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'*



41:






CAMPING OUT



WITH THE



British <2Eano



WITH CHAPTERS ON



CAMPING, CANOEING, AND AMATEUR PHOTOGRAPHY.



BY

JOHN DAVEY HAYWARD, M.D.,
Mersey Canoe Clttb, Rear-Commodore, B.C. A.




LONDON :

GEORGE PHILIP & SON, 32 FLEET STREET.
LIVERPOOL: 45 TO 51 SOUTH CASTLE STREET.



TO

TWO LADIES,

WHO HAVE IN TURN LAMENTED

MY BOATING TASTES,
AND HAVE IN TURN BECOME RECONCILED THERETO

TO

MY MOTHER AND MY WIFE,

THIS LITTLE PEACE-OFFERING

IS INSCRIBED

BY

THE AUTHOR.



2015334



PREFACE.

THIS little book owes its origin to notes made by the
writer for a lantern exhibition of views taken by him
at two Meets of the British Canoe Association. These
descriptions proved of such interest to boating friends
as to encourage their arrangement in the present
form. At first the intention was to limit the issue to
private circulation ; but the extent to which the original
notes have developed has led to the decision to put a
few copies on sale. For such a humble production,
however, no frenzied public demand is anticipated.

The illustrations are, with one or two exceptions,
from photographs taken by the author, or from sketches
made by him. He takes this opportunity of thanking
a lady friend [M. W.] and Mr. A. Fownes for help
with the preparation of the sketches.

The humble origin of this effusion, and the proofs
it contains of hurried preparation, will, the author
trusts, secure it from the standard of criticism, to which
a more pretentious production might justly be sub-
mitted. Like the craft with which it chiefly deals,



vi. Preface.

this book has but little depth, carries no valuable
cargo, makes little spread, and requires fair wind and
fine weather; like them it prudently attempts no
ambitious voyage :

" Larger craft may venture more,
But little ships must keep near shore. "

If, however, these rough notes recall past joys to
boating friends, and interest others in our glorious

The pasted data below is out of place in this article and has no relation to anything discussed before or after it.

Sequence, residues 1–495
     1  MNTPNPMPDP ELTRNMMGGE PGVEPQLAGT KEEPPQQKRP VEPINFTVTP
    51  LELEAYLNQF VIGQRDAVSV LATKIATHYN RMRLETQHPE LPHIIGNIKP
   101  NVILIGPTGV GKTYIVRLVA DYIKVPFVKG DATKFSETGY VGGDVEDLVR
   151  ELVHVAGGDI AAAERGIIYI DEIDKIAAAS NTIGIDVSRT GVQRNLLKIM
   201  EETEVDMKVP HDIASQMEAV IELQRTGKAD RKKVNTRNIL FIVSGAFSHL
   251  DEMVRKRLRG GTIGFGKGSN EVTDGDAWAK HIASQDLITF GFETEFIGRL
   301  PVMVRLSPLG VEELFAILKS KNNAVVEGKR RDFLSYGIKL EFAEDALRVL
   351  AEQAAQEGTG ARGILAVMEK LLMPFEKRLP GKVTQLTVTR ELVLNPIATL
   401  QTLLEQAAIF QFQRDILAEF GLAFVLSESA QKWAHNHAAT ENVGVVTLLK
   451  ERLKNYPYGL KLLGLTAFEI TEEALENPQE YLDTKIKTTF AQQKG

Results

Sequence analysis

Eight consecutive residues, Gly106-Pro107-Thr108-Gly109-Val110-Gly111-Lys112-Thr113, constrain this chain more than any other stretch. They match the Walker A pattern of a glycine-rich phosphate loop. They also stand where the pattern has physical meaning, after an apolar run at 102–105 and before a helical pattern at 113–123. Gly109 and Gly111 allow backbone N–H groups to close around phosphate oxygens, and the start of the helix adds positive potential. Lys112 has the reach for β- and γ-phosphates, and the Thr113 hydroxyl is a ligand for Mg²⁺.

sport, the writer's main object will have been accom-
plished.

That the members of the B.C.A. will consider this
publication as an attempt on his part to further the
cause of that body is the hope of their friend,

THE REAR-COMMODORE.
Liverpool, 1891.




CONTENTS.



Page

CHAP. I. ON CAMPING i

II. CANOES AND CANOEING - 18

III. THE BRITISH CANOE ASSOCIATION - 50

IV. WITH THE B.C. A. TO LAKE WINDERMERE 54

V. WITH THE B.C. A. TO FALMOUTH - - 60

VI. THE CANOEIST AS PHOTOGRAPHER - 89




CAMPING OUT.



CHAPTER I.
ON CAMPING.

" We're out on a tear to get fresh air,

And keep our livers healthy ;
We rise ere breakfast every morn,

To make us wise and wealthy.
We wear old clothes, and know no woes

Of irksome civilization ;
We carry a grease spot on our pants,

As a badge of emancipation.

Chorus : Then shake old pard, our palms are hard,

Our faces and hands are brown ;
We don't look gay in our camp array,
But we're mashers when in town.



Now you who dress in fine array,
And board at big hotels,

Who eat off china every day,
And pose as howling swells,



Camping Out.

And never have an appetite

That's not produced by bitters
Just gaze on us and gnash your teeth,

You miserable critters !

Chorus : Then shake old pard, our palms are hard,

Our faces and hands are brown ;
We don't look gay in our camp array,
But we're mashers when in town."

Camping Song.



/ DAMPING, as the canoeist understands the
\~s term, includes sleeping in tents pitched on
shore, or erected on the canoes when dragged